Lineage In Yoga

by | Feb 1, 2022 | Yoga Philosophy & History

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People often think that all forms of yoga are the same in terms of their origins.  In other words, if they take a yoga class, they might believe it is representative of all yoga classes offered throughout the world, especially in the west. This is a misunderstanding.  There are several styles of yoga and they each come from a different school of thought. These schools can be defined by tracing back to the beginning of their lineage.  Lineage is important because we need to understand the ancestral connection and roots to this practice that has been around for hundreds of years.  Defining lineage in the scope of yoga refers to the historical succession of knowledge passed from teacher to teacher. With the foundation of lineage, a practitioner of yoga gains insight not only from their own direct teacher, but from all of the teachers that came before them. A Yoga teacher training often begins by introducing information concerning their lineage so the students have something to trace their education back to. Students can complete a plethora of yoga certifications – the options are seemingly endless.

One lineage that is often referenced in Vinyasa teacher training is the teachings of Krishnamacharya and Desikachar. Both of these yogis based their lineage on the yoga sutras of Patanjali and his eight limbs of yoga. Michelle Young, founder of My Vinyasa Practice, Yoga teacher, and certified Yoga Therapist explains her yoga lineage to her students as follows: “In the West, we owe our lineage to Krishnamacharya who, through Iyengar, Jois, and Desikachar, helped to spread yoga throughout this part of the world. Iyengar studied with Krishnamacharya for decades, and then he developed the Iyengar system of Hatha yoga. Jois created Ashtanga yoga with Krishnamacharya’s guidance. Desikachar studied with his father until his later years, and then he brought international awareness to his father’s system of Viniyoga — a more personalized practice of yoga. Viniyoga, Ashtanga yoga, and Hatha yoga all come together to create Vinyasa yoga. ”  This explanation of lineage also answers the question of who created Vinyasa yoga. As we can see from looking at the lineage of Vinyasa yoga, it was influenced by several other schools of thought.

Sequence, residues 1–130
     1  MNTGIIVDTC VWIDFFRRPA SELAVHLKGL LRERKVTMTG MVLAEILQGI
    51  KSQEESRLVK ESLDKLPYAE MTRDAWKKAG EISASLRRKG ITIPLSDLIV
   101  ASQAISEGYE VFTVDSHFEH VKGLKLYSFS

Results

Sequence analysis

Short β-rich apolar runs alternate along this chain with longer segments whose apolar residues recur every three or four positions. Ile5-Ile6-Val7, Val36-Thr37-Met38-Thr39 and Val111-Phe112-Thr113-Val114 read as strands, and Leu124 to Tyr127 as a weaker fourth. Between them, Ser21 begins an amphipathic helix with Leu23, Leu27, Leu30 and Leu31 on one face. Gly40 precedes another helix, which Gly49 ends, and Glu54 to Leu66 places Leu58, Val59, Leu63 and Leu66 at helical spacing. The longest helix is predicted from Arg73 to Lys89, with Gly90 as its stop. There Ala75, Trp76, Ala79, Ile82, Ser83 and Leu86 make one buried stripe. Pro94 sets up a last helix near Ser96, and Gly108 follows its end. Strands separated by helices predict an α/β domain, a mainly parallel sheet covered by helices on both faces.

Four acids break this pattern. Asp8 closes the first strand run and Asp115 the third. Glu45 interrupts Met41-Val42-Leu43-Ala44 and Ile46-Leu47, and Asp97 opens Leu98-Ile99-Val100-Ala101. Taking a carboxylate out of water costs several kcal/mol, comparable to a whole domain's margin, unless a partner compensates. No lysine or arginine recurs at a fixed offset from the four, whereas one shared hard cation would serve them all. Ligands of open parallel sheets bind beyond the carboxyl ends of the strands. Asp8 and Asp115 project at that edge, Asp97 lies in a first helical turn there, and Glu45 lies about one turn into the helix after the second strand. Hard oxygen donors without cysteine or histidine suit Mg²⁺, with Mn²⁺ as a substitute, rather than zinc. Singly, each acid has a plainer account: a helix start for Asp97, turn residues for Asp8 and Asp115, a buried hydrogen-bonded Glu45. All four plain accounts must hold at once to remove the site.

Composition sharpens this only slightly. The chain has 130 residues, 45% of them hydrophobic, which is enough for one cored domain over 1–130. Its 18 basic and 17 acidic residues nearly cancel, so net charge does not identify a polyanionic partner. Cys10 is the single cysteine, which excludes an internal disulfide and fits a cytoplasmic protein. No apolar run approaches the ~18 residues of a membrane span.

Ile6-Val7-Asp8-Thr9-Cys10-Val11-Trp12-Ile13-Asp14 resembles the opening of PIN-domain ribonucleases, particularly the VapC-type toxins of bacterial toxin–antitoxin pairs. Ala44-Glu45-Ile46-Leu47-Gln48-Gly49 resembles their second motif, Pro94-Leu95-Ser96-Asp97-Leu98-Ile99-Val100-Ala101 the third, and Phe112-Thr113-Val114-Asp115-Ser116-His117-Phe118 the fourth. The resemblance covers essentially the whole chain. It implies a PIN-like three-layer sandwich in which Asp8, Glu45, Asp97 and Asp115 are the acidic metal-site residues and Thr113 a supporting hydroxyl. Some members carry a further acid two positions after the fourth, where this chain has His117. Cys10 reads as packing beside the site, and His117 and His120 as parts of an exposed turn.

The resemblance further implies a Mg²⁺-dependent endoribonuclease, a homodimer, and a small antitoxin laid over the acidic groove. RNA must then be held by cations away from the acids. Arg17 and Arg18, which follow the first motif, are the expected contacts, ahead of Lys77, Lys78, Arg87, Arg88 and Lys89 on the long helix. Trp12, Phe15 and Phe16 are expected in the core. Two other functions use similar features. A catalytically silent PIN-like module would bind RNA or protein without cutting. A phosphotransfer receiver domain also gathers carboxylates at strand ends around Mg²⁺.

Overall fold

This is also the lineage recognized for Viniyoga.  Gary Kraftsow, the founder and director of the American Viniyoga Institute, hosted a workshop that can still be accessed through Yoga Alliance about the lineage of Viniyoga.  My Vinyasa Practice currently hosts two free Viniyoga online classes a week led by Ana Pilar Cruz, who studied directly under Gary Kraftsow. It is a great place to learn about and practice the teachings of this lineage. It extends beyond the physical body and asana and according to the livestream description of the class is about meeting the student where they are at in their practice. 

In the Desikachar interview from “The Heart of Yoga: Developing a Personal Practice,” he was asked what made his father’s yoga so unique.  Below is the beginning of his answer to the question and maybe even the original “yoga for everybody” quote.

 “What makes my father’s yoga teachings unique is his insistence on attending to each individual and to his or her uniqueness. If we respect each person individually, it naturally means we will always start from where each person currently is. The starting point is never the teacher’s needs but those of the student. This requires many different approaches; there is not just one approach for everybody.”  

Accessible yoga is not a new concept, it is the heart of yoga and has been for some time in this lineage that has led to the modern vinyasa and Viniyoga styles. Many yoga teachers today are embracing these concepts and applying them to their in-person and live stream yoga classes.

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